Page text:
In a telephone interview with The Associated Press, Gowdy said his record in Congress shows he is fair and respectful of Democratic committee members. He said he frequently discusses witnesses before scheduling hearings and tries to "have a good working relationship with everyone." He said he was interested in the truth, not politics. "Facts really don't come with a color," he said. "They're not swing state facts."
Republicans say the White House, concerned primarily with protecting President Barack Obama in the final weeks of his re-election campaign, misled the nation by playing down intelligence suggesting Benghazi was a major, al-Qaida-linked terrorist attack. They accuse the administration of stonewalling congressional investigators ever since, pointing specifically to emails written by U.S. officials in the days after the attack but only released last week.
The administration denies any wrongdoing and says officials tried to provide the public with the best information available. Democrats accuse the Republicans of trying to generate a scandal to drum up political support ahead of the midterm elections, and to target former Secretary of State Hillary Rodham Clinton, the presumed front-runner for the Democratic presidential nomination in 2016.
Democrats controlling the Senate have shown no interest in launching a similar probe. And up to now, House Democrats have criticized the effort as partisan and unnecessary given several ongoing investigations in Congress, without clearly stating whether they'd participate in or boycott the select committee. White House spokesman Jay Carney has been similarly vague, saying Monday the administration cooperates with "legitimate" congressional oversight.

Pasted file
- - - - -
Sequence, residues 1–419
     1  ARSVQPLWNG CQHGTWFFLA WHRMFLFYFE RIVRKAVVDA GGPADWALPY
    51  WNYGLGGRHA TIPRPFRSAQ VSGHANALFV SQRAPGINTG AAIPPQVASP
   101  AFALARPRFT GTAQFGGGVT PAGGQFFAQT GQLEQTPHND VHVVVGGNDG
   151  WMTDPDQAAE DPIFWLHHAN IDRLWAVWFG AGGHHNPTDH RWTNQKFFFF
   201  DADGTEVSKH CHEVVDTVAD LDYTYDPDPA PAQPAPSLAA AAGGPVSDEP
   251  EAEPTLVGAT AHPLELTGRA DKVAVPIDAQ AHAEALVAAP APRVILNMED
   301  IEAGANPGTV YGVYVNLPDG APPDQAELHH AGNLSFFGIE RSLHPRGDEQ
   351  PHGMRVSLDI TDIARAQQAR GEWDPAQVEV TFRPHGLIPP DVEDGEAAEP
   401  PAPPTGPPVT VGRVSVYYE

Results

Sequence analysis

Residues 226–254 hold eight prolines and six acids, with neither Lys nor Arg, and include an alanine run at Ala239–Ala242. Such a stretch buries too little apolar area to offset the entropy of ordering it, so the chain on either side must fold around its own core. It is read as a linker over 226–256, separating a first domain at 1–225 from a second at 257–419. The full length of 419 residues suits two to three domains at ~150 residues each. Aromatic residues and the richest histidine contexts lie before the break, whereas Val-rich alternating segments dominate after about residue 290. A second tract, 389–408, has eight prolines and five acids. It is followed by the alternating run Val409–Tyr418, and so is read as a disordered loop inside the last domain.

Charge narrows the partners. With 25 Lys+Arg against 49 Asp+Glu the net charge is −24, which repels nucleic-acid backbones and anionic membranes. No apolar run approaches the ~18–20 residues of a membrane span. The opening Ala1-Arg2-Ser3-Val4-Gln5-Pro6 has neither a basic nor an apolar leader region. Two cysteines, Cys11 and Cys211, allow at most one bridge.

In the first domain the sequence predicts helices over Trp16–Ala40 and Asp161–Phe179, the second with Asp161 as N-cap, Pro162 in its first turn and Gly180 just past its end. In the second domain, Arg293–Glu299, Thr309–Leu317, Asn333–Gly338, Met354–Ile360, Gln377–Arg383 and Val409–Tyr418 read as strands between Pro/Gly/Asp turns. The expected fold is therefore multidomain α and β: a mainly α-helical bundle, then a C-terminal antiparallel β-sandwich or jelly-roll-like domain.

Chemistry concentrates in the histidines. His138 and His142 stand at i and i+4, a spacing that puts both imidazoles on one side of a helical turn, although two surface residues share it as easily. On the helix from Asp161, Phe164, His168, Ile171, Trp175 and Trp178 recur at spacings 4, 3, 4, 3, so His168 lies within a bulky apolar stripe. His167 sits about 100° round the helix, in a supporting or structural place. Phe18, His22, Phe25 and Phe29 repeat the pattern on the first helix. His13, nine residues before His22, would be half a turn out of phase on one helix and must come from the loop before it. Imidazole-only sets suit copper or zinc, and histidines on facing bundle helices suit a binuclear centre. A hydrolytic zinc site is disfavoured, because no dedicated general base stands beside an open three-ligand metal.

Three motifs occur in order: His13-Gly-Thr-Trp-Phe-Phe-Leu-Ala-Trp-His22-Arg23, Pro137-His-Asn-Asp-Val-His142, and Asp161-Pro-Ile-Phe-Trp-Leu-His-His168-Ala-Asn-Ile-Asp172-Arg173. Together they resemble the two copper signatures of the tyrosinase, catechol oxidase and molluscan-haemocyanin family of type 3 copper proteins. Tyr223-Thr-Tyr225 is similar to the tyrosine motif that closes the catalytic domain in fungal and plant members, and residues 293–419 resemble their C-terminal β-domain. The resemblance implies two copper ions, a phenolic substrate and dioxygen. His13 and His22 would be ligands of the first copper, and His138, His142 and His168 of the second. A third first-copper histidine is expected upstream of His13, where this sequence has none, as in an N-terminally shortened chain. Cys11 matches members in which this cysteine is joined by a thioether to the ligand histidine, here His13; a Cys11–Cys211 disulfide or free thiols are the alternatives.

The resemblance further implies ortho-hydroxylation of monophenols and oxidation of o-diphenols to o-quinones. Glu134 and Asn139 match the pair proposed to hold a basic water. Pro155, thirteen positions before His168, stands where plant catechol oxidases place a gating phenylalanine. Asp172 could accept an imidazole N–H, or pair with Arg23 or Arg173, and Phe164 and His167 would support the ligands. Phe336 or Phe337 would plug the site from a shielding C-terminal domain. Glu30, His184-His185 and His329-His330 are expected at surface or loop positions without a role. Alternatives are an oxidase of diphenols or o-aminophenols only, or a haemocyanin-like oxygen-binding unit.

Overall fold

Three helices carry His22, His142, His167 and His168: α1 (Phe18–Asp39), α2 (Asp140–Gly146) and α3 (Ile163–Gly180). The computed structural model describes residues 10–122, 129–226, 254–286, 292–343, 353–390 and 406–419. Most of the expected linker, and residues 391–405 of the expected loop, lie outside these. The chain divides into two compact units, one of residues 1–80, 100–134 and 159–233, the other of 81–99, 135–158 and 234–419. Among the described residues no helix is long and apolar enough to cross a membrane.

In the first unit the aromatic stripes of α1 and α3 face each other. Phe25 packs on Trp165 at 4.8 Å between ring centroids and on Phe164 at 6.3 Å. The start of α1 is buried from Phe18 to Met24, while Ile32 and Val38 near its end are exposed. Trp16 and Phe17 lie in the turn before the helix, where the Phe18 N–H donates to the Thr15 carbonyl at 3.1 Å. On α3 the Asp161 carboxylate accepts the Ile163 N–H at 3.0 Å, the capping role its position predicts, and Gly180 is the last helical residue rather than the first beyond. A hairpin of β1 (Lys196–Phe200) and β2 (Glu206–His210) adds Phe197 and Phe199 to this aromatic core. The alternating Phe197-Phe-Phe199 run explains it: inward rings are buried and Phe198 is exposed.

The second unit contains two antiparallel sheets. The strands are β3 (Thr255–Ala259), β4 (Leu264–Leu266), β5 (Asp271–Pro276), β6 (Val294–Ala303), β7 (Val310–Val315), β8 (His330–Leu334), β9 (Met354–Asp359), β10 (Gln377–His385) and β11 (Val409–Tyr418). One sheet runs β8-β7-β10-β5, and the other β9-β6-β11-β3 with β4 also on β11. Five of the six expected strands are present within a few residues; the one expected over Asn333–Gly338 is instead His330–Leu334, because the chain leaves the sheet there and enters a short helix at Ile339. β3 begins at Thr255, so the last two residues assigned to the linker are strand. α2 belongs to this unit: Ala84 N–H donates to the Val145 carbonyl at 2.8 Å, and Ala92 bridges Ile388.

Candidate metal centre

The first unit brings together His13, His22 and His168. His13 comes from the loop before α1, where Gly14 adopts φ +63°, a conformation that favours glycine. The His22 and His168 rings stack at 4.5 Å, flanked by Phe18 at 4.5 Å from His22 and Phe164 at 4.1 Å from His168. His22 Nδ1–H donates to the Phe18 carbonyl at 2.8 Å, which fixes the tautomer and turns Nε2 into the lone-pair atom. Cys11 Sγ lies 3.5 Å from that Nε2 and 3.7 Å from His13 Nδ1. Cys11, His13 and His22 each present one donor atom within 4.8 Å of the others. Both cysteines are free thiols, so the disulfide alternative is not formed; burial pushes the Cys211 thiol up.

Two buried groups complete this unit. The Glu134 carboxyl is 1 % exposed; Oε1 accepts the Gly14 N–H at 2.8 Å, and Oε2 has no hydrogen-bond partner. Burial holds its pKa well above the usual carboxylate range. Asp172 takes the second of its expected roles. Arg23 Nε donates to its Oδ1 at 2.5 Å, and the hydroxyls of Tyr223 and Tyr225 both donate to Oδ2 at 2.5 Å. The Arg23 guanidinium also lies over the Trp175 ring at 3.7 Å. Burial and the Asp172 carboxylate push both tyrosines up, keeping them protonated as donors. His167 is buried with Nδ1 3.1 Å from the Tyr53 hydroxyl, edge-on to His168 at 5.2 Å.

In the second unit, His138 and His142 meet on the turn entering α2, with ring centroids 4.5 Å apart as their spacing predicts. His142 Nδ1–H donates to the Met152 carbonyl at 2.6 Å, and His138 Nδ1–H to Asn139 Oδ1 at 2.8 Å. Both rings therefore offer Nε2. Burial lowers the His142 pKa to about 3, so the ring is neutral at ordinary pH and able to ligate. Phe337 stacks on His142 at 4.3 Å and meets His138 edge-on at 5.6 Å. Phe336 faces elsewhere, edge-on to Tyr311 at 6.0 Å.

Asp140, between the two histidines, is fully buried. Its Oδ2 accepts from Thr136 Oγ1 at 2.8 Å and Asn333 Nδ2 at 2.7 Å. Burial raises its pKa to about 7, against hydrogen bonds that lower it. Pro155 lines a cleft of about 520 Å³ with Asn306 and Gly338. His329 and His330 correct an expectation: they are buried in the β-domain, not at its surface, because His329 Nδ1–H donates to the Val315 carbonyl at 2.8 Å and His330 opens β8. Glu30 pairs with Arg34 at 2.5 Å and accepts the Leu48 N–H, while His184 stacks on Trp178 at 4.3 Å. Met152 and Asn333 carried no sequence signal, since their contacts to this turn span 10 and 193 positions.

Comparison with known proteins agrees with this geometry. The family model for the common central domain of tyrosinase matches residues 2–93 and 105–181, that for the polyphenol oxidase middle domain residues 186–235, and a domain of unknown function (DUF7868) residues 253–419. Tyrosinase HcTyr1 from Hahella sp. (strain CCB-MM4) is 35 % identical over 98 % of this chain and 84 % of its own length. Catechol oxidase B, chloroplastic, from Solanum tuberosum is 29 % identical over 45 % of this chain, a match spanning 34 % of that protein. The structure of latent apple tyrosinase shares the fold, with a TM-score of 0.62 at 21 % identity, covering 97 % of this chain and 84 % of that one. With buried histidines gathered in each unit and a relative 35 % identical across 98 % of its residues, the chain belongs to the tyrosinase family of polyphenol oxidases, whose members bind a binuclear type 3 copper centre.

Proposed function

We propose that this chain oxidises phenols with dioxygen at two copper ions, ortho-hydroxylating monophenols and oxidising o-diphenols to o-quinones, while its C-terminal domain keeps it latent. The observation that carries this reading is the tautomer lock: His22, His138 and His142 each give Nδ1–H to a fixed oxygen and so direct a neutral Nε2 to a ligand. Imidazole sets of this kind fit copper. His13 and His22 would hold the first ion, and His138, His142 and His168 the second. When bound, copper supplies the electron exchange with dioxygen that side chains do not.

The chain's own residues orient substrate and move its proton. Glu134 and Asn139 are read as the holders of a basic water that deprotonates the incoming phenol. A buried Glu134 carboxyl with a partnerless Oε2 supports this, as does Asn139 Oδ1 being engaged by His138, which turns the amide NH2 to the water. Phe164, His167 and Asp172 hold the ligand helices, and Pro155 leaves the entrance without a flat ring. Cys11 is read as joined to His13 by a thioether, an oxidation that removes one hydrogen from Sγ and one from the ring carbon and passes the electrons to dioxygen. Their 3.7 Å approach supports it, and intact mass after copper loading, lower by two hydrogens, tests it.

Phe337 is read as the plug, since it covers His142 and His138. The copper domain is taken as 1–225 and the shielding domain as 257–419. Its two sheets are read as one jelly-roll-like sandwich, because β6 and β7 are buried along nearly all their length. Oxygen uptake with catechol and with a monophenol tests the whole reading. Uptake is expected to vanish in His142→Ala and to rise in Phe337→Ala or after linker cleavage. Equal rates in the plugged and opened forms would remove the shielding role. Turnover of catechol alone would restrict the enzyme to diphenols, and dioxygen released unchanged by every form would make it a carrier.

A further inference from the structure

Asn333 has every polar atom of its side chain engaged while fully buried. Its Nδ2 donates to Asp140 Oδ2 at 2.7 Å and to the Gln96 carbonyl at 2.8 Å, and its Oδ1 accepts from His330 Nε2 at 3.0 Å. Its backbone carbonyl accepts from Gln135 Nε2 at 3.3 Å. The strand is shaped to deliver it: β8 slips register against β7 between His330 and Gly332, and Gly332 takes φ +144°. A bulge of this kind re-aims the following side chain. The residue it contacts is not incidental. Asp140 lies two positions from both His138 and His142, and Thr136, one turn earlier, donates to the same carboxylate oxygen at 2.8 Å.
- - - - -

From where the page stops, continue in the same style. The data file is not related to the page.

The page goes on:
A select committee isn't bound by jurisdictional issues that can limit investigations by armed services, foreign relations, oversight or other standing committees.
Much of the Democratic concern over process reflects more than a year of tensions in the House Oversight Committee, which has taken the lead among all the congressional investigations into Benghazi.
Its chairman, Rep. Darrell Issa, R-Calif., and the State Department are engaged in an ongoing dispute over a subpoena he issued for Kerry to appear before the panel on May 21. A Kerry spokeswoman said Monday the secretary of state has a scheduled trip to Mexico that day and wouldn't appear before Issa's committee. Kerry said Tuesday he'd comply with his responsibilities and that his department has "absolutely nothing to hide."
Meanwhile, Judicial Watch, which last week released a batch of Benghazi-related emails obtained through a lawsuit, said Tuesday the Obama administration was withholding further correspondence pertaining to its early explanation of the attack as a demonstration hijacked by extremists. The administration later retracted that explanation. The watchdog group said the correspondence largely centered on how to respond to members of Congress seeking clarification.